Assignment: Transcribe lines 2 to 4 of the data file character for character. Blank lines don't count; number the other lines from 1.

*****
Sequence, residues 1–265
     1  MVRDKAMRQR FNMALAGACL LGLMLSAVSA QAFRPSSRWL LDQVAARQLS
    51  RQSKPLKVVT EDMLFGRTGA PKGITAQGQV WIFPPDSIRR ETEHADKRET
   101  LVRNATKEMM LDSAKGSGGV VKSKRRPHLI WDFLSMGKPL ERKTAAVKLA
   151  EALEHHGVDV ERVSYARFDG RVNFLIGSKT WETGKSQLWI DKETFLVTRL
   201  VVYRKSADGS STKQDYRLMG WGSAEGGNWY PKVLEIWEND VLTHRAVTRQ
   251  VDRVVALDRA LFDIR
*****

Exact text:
     1  MVRDKAMRQR FNMALAGACL LGLMLSAVSA QAFRPSSRWL LDQVAARQLS
    51  RQSKPLKVVT EDMLFGRTGA PKGITAQGQV WIFPPDSIRR ETEHADKRET
   101  LVRNATKEMM LDSAKGSGGV VKSKRRPHLI WDFLSMGKPL ERKTAAVKLA